Published on October 15th, 2012 | by Pete0
Haggling – always have a bash
A friend of mine came round to talk to me recently (lets call him Jim). He decided to treat himself to an Apple Ipad 2 (lucky fella). He told me that he had done some online research, and that he had decided that he linked the look of a deal in Currys, where the 16gb version of the Ipad 2 had £70 off the full price, and was available at £329. He liked this price, and was also happy that there was an option to pay it over a 10 month period through finance. Jim told me that had done all of his maths and was happy with how much he would be paying in total for the Ipad (including interest). Jim is aware of this blog, and asked me if I had any haggling tips, for the beginner haggler. Jim is a nervous chap, and said he was not confident he would be able to negotiate an improved deal.
At this point, I decided it was time for an ad hoc haggling workshop, Pete style. You can probably imagine a Rocky training montage occurred at this point. Well, the 80s soft rock ballads were certainly present. Anyway, the key point of this session, is that there is normally always something that can be haggled, and generally always a way that a deal can be improved, even if initially staff tell you that it’s not possible.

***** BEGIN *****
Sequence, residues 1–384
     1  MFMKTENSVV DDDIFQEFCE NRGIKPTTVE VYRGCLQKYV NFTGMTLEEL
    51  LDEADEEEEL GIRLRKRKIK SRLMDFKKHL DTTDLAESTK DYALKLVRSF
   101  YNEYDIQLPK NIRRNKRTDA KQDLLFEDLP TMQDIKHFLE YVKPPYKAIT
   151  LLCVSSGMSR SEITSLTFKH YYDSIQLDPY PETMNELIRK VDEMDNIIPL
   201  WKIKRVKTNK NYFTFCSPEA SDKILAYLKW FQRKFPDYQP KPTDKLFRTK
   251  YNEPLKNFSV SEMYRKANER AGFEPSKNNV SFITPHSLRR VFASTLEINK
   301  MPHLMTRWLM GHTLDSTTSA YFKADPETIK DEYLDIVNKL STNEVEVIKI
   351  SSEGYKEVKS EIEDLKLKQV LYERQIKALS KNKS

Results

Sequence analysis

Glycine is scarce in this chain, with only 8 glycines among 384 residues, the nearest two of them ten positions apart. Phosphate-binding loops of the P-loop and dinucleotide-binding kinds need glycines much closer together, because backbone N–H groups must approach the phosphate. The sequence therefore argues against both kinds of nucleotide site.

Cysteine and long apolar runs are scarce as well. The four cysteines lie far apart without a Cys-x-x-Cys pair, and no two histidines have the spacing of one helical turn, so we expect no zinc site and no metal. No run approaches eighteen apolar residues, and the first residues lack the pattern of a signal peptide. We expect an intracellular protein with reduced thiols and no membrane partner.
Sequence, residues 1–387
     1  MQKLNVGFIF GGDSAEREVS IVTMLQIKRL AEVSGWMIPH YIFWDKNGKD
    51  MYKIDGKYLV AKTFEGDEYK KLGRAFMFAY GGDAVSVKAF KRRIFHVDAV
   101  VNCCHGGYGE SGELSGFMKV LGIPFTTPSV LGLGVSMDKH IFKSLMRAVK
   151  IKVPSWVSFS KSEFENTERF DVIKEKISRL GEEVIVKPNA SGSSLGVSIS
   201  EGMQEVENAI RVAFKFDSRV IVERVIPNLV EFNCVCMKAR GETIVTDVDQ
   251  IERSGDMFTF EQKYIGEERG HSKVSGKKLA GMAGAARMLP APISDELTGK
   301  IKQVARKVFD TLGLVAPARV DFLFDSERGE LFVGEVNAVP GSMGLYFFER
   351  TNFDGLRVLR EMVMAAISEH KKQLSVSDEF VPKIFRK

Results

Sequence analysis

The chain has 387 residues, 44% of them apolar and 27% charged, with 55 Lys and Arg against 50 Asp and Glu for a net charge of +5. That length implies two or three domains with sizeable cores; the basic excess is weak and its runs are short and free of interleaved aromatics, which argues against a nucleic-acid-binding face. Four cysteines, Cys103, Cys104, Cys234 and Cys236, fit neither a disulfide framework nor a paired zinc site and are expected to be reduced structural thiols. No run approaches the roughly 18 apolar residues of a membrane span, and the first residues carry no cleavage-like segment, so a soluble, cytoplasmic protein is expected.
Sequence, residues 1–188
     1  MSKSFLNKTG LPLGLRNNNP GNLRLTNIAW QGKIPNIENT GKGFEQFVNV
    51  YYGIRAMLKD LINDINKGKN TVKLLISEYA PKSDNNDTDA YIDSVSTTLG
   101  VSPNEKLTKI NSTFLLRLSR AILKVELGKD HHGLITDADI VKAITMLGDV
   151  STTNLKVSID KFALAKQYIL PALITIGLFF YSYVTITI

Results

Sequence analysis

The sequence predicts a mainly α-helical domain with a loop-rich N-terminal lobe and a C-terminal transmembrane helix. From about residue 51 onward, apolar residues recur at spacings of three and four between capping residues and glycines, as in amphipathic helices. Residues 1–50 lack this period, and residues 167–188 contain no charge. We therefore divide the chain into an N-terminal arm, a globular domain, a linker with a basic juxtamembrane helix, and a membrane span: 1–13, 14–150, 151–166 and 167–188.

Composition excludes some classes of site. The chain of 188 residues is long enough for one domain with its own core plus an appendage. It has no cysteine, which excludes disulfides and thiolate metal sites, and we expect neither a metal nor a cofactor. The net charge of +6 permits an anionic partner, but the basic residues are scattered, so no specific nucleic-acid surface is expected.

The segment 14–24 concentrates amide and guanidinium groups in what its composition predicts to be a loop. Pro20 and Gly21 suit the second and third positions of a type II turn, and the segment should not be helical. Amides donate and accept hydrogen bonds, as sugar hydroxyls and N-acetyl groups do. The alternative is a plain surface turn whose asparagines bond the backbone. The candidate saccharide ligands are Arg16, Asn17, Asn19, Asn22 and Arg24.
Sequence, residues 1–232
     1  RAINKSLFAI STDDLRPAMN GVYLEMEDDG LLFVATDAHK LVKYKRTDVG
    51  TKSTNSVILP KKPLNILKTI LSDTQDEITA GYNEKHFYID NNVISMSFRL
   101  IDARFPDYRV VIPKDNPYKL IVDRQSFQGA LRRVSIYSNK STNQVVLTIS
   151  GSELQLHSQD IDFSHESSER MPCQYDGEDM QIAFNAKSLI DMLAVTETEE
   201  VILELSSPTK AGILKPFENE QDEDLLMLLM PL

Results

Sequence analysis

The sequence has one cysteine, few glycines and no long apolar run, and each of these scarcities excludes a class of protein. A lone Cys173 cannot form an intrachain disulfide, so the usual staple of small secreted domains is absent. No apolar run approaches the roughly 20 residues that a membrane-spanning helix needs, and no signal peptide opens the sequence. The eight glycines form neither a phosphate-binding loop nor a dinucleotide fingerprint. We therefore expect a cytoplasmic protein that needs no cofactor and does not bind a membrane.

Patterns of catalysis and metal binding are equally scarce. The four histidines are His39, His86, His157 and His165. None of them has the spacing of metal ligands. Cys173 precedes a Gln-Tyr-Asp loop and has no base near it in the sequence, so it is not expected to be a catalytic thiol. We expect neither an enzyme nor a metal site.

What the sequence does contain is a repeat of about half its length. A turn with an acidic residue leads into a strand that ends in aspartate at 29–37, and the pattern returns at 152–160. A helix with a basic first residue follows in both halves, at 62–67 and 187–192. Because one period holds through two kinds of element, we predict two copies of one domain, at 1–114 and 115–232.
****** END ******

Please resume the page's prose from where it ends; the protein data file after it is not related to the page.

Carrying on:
Jim went off to Currys, and recounted his experiences to me later. He described speaking to a nervy looking young sales chap, by the name of Brandon. After some discussion, Jim bit the bullet and asked if there was any flexibility on the price. Brandon shook his head sadly, and informed Jim this was not possible. Jim, undeterred, suggested that he might be interested in taking out a warranty on the Ipad, but this would depend on if he could get a free case (normally £35) for his new Ipad. Brandon said he would need to seek advice, which he did. Upon his return, Brandon said that he was able to agree £20 off the price for the case, if Jim took out the policy. The bonus is (as Jim whispered later to me surreptitiously; as if Brandon himself were also on the sofa drinking tea) that he can simply telephone the company that offer the warranty and cancel his policy, meaning that he saved himself £20, for the price of a phone call! I was proud of Jim, and I told him so.
The moral of the story is that it is always worth haggling. Normally, there are savings to be had, but people are too anxious, or British to ask. There is nothing rude or anti social about asking for a discount or incentive to take up a service or product, as long as you are polite and reasonable, you’ll be surprised how sales staff can often respond in kind. Sales staff want to sell, and as the customer you are in the position of power, not them. In most cases you can buy products and services in many places, so make companies work for your money, you certainly had to! We can all learn a lesson from nervous Jim, and we’d love to hear your stories about bargains you negotiated for yourselves…